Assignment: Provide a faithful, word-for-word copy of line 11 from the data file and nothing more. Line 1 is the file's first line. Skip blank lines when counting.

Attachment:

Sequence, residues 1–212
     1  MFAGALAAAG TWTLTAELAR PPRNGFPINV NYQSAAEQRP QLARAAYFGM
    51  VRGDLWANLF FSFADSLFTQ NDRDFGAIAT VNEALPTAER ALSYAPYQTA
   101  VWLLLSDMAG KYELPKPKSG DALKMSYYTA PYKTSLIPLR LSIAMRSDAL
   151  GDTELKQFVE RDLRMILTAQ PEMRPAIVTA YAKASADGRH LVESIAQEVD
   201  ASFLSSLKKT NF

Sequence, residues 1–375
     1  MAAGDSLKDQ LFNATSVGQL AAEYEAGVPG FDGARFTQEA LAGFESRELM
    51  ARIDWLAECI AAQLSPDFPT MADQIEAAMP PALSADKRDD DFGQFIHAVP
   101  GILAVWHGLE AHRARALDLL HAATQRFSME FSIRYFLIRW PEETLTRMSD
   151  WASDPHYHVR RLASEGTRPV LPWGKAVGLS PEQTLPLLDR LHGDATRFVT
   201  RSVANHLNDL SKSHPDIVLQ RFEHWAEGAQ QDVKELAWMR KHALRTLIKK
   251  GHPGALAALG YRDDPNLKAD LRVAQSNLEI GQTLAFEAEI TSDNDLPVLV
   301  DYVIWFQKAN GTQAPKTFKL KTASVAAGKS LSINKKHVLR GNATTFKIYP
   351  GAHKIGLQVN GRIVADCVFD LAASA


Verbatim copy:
   151  WASDPHYHVR RLASEGTRPV LPWGKAVGLS PEQTLPLLDR LHGDATRFVT